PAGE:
Cryptocurrency - Future Currency or a Scam?
Cryptocurrency is a digital currency built with cryptographic technology, which secures financial transactions through blockchain technology.
The most important feature of a cryptocurrency is that it is not controlled by any central authority i.e. central banks or governments, and is often referred to as decentralisation. The noise from recent press releases has been overwhelming with regards to cryptocurrencies. However, the majority of people- even bankers, consultants, scientists and blockchain program developers - have fairly limited knowledge about cryptocurrencies and their full potential.
To truly understand the cryptocurrency concept, one has to familiarize oneself with the mysterious Satoshi Nakamoto who authored Bitcoin: A Peer-to-Peer Electric Cash System in 2008, just after the global financial crisis was first triggered. The new electronic cash system was designed to decentralise the traditional cash system after experiencing the failure of a centralised financial model in 2007.
The key technology to fulfill the objective of decentralisation is blockchain technology: it comprises a growing list of records, called blocks, which are linked using cryptography. Blockchain can record transactions between two individual parties efficiently and in a verifiable and permanent way without centralised third parties under an open, distributed ledger system.
The question is, can this distributed ledger system replace traditional centralised ledger systems?
The key differences between decentralised distributed ledger system and centralised traditional ledger systems are to do with irreversibility, pseudonymity, limited supply, divisibility and decentralisation. Once a transaction is made and accepted, it cannot be reversed; senders and receivers in the transaction do not have to identify themselves; central banks cannot issue cryptocurrencies; they enable micro-transactions e.g. 1 bitcoin=100,000,000 satoshi; 1 bitcoin= 13,093.25 USD (10th July 2019).
After just a decade in ‘circulation’, Bitcoin‘s price has increased from zero to over 8,000 dollars and market cap over 230 billion dollars on July 10, 2019. You can check the price at the time of reading here.
Thereafter, the flaws are derived from those aforementioned characters of this open distributed ledger system. Carsterns (2018) stated that a high risk of debasement, lack of trust, high inefficiencies relating to clear transactions requirement and high price volatility, are the main weaknesses of cryptocurrencies which accelerate the doubt of substituting traditional money.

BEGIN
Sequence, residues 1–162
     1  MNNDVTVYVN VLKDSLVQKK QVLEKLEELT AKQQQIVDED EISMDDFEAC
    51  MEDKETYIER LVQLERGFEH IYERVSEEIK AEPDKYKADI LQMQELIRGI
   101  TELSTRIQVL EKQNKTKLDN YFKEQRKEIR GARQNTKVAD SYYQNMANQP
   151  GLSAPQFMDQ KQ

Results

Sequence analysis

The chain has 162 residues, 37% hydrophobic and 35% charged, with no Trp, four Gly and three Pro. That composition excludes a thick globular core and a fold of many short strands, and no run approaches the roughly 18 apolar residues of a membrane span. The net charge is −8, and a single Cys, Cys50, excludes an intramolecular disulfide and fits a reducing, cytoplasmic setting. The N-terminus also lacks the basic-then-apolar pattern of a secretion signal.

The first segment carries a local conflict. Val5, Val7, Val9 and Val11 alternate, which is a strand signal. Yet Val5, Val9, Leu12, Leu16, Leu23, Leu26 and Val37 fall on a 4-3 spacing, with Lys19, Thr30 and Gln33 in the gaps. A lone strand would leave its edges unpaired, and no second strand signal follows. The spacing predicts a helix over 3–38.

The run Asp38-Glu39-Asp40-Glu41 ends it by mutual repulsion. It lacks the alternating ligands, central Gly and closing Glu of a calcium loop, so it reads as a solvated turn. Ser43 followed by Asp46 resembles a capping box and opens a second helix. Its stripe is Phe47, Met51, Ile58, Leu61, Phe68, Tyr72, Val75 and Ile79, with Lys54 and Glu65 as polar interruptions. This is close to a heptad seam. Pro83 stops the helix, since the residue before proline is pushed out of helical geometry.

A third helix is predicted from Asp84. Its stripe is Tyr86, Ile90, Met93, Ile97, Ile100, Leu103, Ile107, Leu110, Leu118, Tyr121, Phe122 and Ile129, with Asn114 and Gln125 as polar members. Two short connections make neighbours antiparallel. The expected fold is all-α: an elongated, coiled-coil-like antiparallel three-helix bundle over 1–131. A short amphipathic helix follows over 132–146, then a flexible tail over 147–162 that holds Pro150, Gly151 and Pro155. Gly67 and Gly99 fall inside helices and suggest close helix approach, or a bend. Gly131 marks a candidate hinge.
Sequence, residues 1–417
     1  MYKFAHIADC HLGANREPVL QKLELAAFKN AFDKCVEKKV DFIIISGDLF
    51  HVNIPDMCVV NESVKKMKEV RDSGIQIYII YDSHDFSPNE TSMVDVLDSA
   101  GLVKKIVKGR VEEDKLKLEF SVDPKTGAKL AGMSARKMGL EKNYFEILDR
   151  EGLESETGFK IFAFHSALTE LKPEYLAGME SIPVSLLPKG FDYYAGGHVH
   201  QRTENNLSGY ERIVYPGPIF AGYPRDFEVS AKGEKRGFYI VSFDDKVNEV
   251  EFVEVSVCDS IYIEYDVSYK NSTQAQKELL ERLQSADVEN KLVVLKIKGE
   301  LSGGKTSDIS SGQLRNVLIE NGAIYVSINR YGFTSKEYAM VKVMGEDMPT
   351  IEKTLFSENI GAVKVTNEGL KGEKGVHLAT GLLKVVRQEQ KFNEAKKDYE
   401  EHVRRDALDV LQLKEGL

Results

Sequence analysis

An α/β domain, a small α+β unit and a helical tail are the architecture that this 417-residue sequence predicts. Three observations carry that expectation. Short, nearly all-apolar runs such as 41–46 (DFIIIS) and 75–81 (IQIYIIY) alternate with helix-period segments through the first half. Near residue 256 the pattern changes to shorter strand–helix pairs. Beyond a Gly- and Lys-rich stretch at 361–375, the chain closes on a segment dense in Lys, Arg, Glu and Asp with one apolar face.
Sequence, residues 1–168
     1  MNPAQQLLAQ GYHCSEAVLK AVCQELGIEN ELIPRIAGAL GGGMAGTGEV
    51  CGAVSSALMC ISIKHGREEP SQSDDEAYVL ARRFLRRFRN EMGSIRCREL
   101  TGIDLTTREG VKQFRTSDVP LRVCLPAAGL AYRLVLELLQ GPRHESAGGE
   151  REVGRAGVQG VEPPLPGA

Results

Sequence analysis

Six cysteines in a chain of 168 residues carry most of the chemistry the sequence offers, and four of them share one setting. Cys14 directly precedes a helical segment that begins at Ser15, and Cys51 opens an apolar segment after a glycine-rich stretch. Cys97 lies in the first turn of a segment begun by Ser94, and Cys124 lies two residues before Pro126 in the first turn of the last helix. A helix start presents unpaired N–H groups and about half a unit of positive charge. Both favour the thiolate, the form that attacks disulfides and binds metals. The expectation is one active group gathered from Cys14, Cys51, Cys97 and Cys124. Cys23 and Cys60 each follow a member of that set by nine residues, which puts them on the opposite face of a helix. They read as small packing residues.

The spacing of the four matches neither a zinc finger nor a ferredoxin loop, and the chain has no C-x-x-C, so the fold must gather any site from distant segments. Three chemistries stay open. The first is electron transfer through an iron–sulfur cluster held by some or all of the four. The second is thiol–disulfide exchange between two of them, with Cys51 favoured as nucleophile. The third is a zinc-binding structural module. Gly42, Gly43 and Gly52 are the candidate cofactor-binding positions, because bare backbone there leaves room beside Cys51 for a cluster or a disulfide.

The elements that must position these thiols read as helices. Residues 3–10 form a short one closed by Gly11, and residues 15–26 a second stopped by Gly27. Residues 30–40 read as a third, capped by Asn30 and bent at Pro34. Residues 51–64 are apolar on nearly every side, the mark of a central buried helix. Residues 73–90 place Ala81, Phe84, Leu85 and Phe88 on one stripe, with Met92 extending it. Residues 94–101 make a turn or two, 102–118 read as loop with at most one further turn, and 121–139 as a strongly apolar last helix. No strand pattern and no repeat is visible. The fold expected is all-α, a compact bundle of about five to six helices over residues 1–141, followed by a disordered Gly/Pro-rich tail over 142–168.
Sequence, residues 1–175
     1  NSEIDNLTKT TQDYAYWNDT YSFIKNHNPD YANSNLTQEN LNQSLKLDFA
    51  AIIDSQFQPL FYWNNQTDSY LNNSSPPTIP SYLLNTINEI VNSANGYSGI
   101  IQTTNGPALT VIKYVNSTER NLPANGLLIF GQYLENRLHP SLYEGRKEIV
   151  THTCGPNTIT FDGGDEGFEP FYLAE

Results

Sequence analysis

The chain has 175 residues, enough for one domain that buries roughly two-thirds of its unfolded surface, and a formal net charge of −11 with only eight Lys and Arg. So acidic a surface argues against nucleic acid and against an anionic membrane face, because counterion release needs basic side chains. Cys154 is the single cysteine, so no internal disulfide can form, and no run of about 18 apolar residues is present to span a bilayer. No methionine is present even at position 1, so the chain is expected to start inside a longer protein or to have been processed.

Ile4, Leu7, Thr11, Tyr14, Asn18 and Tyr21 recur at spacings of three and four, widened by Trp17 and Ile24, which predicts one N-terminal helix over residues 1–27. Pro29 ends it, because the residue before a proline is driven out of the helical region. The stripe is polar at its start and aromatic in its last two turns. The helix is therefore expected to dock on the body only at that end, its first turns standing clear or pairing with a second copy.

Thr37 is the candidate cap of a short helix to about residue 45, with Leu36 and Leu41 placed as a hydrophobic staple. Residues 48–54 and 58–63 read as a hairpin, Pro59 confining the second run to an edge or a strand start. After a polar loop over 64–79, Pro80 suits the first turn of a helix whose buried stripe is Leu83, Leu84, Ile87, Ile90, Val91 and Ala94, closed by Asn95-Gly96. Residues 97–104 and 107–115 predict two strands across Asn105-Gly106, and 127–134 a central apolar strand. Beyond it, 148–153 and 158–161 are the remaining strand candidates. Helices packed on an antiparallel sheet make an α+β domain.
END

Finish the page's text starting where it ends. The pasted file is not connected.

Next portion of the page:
Although cryptocurrencies such as bitcoin currently seem impossible to substitute traditional money as mainstream currencies, the emerging of new technologies such as blockchain has augmented both challenges and opportunities in the entire business circle i.e. new functions required in international financial institutions, laws, regulations and beyond. Some literature (DuPont 2018) criticised that the real use of cryptocurrencies lies almost exclusively in speculative investment and financial asset portfolio diversification. Cryptocurrencies and blockchain technologies have become a new kind of risky and deeply speculative investment. Meanwhile, blockchain technology has been applied in logistics, governance/process control, the sharing economy, data management, stock trading etc. to mitigate the operational risks.
So, what can one conclude after researching cryptocurrency? Maybe it is a harmless, independent digital currency i.e. bitcoin that facilitates transactions. Or maybe it is a scam used in international money laundering… or maybe both or …neither? One thing is for sure, it presents a real challenge to traditional centralised systems.
The verdict is still out…
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Written by Chunmei Guo, a lecturer of accounting and finance for both UG and PG modules in the subjects of accounting, finance and economics in Wrexham Glyndŵr University.